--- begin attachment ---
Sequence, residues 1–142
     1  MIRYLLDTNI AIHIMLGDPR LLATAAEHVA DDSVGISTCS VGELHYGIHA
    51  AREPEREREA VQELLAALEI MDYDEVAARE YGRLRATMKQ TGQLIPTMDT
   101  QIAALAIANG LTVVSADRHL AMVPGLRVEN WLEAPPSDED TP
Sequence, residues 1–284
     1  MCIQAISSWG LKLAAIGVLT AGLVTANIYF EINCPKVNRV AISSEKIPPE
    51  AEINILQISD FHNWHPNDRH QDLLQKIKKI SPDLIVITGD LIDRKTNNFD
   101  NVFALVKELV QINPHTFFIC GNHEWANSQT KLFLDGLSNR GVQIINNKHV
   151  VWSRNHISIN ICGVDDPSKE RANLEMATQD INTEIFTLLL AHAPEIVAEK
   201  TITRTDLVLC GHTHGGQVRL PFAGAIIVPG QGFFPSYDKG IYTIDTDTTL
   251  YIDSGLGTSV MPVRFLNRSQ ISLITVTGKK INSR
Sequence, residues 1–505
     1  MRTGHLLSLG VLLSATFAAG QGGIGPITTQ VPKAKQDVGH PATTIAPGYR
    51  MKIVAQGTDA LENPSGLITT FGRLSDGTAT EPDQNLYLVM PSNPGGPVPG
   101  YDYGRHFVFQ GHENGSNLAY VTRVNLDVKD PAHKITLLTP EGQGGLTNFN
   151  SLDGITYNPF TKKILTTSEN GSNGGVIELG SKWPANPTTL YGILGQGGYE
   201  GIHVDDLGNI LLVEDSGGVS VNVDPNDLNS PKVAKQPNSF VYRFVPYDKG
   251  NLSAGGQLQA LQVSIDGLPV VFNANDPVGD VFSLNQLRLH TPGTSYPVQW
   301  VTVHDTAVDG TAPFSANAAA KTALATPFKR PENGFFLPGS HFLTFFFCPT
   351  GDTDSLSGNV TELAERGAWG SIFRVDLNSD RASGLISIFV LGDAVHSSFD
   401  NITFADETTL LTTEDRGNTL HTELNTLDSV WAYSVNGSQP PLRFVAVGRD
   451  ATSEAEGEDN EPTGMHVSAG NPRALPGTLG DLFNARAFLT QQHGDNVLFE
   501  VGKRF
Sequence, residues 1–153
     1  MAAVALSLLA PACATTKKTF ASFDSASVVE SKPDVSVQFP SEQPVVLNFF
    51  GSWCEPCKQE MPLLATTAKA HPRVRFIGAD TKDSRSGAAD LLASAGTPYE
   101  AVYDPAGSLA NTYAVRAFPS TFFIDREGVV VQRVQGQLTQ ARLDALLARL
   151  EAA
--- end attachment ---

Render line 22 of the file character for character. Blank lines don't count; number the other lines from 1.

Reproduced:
   451  ATSEAEGEDN EPTGMHVSAG NPRALPGTLG DLFNARAFLT QQHGDNVLFE